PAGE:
As the old saying goes, there’s nowt so queer as folk. Spend any time in the motor trade or public sector, you soon find out… the names have been changed to protect the innocent!
I can remember the day well. Northampton Town FC was playing at home on a sunny Saturday afternoon, and the showroom on Abington Avenue was like a ghost town. Famed for its once massive boot and shoe industry, the Express lift testing tower, and the massive gloomy concrete bus station (that my missus claims was the location for Bladerunner), Northampton also owns a decent mid league football and top flight Rugby team.
When match days are on, the town quietens down, and even though our Phoenix-owned dealership was a tad off the beaten track, we were blessed with a decent level of footfall (walk-in customers). It was situated right next door to a busy petrol station and residential area.
The premises were a fifth of the size of the previous dealer – Henlys – and reflected the contraction of the size of the MG Rover Group. It wasn’t that bad, and we had an excellent team which stayed loyal. None of the usual churn and burn revolving door staffing problems many of the bigger dealer groups seem to be renowned for.
Once the Parts and Service guys had pulled the shutters down at 12.30 it was left to the two managers and five sales staff to grab the baton and shift some cars. Being a manufacturer-owned dealership, our targets, were realistic, but even though I have no desire whatsoever to work in a showroom again (owing to working most weekends and late evenings), I very much miss meeting the nice, the odd and downright weird general public.
No weirder example came in the form of ‘Miss Hill’, as I shall share with you. When I am asked the question, ‘what’s the strangest thing happen to you?. I recount this tale, and it never seems to fail to raise an eyebrow.
My colleague had taken a telephone enquiry from this lady a few weeks previously, requesting a test drive in a TF. When she arrived at the premises, they simply did not get on that well – she deemed the TF to be a bit small and declined a test drive. This happens sometimes to all of us in sales. What happens then is you turn the customer over – in other words, rather than let them walk away, you hand over to another sales person, and if they do the deal, you share the commission.
I ended speaking to Miss Hill three weeks prior, and even though we kind of got along, she wouldn’t click the top of her pen and commit to buy. During a spot of prospect calling (following up past leads), I called the lady to find out where she was at. This was owing to her mild interest in the ZR in our showroom.
Moving along, she came into the premises – once again – in her 114GTa, and a test drive was arranged in our demonstrator ZR 105+. On this visit, she was cheery and approachable, and I was certain a deal could be done. Her part-ex was going to a friend, her purchase was self-financing, and funds in place. This was a perfect situation – no old metal lingering out back, no finance proposals.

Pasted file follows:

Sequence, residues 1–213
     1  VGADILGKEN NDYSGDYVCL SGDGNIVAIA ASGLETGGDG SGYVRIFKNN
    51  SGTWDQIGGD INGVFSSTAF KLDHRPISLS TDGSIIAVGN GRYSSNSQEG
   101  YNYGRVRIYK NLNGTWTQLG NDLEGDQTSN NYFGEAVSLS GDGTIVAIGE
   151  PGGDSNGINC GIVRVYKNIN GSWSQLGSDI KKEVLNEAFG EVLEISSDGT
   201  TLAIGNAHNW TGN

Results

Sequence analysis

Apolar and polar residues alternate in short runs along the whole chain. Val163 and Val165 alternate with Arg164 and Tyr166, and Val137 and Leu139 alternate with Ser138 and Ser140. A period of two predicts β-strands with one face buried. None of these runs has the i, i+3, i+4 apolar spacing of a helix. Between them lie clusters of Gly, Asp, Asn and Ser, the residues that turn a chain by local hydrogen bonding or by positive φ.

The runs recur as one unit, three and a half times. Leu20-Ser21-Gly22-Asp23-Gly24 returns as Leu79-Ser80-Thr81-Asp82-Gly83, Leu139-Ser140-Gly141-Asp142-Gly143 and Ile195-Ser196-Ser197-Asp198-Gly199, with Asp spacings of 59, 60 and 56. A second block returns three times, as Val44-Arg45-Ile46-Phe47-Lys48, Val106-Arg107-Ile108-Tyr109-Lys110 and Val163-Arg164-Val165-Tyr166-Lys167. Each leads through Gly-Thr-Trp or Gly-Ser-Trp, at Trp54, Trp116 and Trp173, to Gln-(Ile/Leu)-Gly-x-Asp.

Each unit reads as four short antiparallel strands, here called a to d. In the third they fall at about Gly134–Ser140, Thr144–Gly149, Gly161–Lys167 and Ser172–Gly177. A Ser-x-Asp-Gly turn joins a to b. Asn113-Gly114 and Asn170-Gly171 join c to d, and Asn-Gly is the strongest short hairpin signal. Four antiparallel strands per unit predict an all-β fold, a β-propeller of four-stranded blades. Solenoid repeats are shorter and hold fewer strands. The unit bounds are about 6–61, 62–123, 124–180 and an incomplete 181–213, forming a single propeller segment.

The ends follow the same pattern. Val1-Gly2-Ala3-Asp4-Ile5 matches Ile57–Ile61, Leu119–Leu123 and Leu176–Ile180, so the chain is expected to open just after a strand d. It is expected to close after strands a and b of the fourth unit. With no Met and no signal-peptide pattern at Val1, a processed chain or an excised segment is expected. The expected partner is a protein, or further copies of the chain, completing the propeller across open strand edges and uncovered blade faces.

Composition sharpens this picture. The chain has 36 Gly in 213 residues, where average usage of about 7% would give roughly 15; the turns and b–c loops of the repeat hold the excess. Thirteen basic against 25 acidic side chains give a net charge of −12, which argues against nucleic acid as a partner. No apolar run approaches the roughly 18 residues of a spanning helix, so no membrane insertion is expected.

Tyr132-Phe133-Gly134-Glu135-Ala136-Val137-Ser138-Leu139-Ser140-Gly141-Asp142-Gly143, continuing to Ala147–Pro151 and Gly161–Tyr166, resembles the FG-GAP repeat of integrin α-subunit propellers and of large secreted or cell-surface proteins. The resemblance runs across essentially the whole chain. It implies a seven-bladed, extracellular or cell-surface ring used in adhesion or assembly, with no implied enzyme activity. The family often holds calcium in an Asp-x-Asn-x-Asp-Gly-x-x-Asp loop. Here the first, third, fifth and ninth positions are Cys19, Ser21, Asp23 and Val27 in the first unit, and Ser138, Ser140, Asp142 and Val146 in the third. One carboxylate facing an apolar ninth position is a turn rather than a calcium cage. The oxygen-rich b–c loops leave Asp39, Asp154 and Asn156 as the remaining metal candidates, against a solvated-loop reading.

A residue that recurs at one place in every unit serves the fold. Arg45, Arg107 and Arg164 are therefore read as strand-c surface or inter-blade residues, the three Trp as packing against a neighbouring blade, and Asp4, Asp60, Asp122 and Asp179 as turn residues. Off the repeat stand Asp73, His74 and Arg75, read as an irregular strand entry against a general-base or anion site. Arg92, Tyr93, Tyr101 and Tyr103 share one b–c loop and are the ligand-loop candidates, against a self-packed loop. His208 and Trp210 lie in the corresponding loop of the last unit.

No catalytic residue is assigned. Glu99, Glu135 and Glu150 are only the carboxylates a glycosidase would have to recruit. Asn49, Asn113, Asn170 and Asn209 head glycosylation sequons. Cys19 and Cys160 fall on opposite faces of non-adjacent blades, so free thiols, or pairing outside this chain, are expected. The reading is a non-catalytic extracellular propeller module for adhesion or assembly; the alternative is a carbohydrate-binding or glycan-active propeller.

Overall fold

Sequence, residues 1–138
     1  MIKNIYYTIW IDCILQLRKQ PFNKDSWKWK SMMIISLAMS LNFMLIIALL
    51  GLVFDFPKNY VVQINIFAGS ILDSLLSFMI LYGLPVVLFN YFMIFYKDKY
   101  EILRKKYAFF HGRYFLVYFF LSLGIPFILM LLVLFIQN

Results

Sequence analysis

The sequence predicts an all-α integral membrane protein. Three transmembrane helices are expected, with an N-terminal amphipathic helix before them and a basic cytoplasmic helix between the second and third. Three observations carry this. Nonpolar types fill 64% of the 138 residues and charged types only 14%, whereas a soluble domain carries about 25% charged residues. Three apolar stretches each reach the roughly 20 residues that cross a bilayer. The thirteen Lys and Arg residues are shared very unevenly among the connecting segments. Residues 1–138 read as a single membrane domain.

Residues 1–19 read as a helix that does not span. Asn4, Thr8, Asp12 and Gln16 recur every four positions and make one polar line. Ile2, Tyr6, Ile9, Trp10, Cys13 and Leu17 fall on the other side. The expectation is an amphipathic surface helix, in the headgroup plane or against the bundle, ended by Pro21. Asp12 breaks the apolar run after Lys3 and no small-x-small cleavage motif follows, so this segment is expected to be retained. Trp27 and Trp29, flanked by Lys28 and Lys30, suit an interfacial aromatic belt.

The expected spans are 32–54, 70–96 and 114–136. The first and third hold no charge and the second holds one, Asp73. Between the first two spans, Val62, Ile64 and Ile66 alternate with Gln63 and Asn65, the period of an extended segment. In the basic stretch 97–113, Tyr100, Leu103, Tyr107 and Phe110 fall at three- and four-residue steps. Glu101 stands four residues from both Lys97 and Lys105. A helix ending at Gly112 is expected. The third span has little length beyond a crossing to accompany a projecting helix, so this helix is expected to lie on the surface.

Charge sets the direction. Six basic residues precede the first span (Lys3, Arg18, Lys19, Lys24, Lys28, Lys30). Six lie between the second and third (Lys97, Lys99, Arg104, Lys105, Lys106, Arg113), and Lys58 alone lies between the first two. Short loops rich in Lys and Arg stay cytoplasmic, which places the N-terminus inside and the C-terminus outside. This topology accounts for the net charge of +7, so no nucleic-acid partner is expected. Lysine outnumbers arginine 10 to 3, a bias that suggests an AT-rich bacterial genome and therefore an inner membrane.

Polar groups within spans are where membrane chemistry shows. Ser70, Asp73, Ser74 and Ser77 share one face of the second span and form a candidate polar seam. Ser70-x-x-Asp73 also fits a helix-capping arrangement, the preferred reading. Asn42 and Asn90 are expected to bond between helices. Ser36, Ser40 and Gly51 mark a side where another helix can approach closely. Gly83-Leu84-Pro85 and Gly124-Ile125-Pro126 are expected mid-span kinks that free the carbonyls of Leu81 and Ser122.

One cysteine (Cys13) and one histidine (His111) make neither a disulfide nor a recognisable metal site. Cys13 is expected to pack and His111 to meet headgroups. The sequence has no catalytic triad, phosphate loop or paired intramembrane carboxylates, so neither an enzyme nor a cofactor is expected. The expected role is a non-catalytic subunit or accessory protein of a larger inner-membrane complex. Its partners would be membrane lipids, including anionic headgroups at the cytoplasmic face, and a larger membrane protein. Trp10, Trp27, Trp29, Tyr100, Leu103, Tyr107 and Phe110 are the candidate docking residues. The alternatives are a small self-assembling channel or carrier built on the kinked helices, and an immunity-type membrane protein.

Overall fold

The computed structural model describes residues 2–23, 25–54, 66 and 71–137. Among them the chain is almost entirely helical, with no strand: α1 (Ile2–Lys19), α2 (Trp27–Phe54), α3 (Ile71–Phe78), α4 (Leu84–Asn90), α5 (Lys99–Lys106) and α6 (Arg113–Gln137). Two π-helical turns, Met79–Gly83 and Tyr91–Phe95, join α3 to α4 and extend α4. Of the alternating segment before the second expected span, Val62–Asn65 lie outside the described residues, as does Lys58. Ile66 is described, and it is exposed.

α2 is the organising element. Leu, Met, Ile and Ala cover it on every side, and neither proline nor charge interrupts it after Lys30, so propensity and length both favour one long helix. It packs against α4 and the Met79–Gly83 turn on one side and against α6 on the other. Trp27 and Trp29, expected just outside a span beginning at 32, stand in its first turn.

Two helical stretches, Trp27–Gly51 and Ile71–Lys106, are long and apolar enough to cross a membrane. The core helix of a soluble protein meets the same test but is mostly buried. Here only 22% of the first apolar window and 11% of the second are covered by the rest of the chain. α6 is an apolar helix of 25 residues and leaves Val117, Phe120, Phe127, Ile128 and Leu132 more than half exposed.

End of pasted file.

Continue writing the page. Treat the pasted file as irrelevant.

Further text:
In the showroom, she talked for a moment about her mother. This raised an eyebrow, owing the fact Miss Hill was not exactly in her first flush of youth so to speak. A buying criteria was that her mother had to able to travel in the car with her. Being the kind of person I am, I suggested it may be a cracking idea to run the car round to her place and get the lady to try it for size. I looked forward to this, as she had a post code good enough to auction!
Out on the test drive, she remarked about liking the car’s styling, ease of drive, and simple yet snazzy interior. It was all looking rosy, as she did most of the talking. I just knew she was in a mood to buy as we wound through the swooping B-Roads to the village where she lived. It was a hot sunny afternoon, and I thanked the gods for the ZR+ having air conditioning. Arriving outside her stunning bungalow, Miss Hill asked me if I would like a cold drink. I gladly accepted as she invited me inside, and it was a wonderful place, very tasteful and twee.
A few moments of small talk went by, after which I steered the conversation back to the thorny issue of the car. She said she loved it, and quizzed me about servicing, and so on. As she was chatting away, I realised something was not so much wrong, but very odd. There were no signs that anyone else lived with her. Yes there were pictures of what was certainly family and friends, but no signs of a (very) elderly person living with what could best be described as mature single lady.
As a salesperson, you are always aware of signs, expressions and mannerisms – all of which tell you the mood or buying likelihood of the punter. But this situation was strange. One armchair in the vast living room, no sign of a walking stick, the coats on the hook in the hall and general personal effects were very much for one person. There wasn’t even a granny flat or annexe connected to the property. Part of me was worried, and part of me was curious So I asked her if she would like to introduce her mother to the car – as I would need to get back soon.
She apologised for holding me up and went into another room to get her mother. And returned a moment later with a small chromed urn.
Well, after we mopped my lemonade from her kitchen walls (sprayed everywhere by me), she explained that she travelled long journeys with her mother placed in the glovebox. After I had overcome my initial alarm (and I’m not easily shocked by rights) I kind of understood her logic.
Returning back to the dealer, she signed an order after which she introduced me to her cousin a few weeks later who also bought a car – but this time, with no suprises or special glovebox requirements!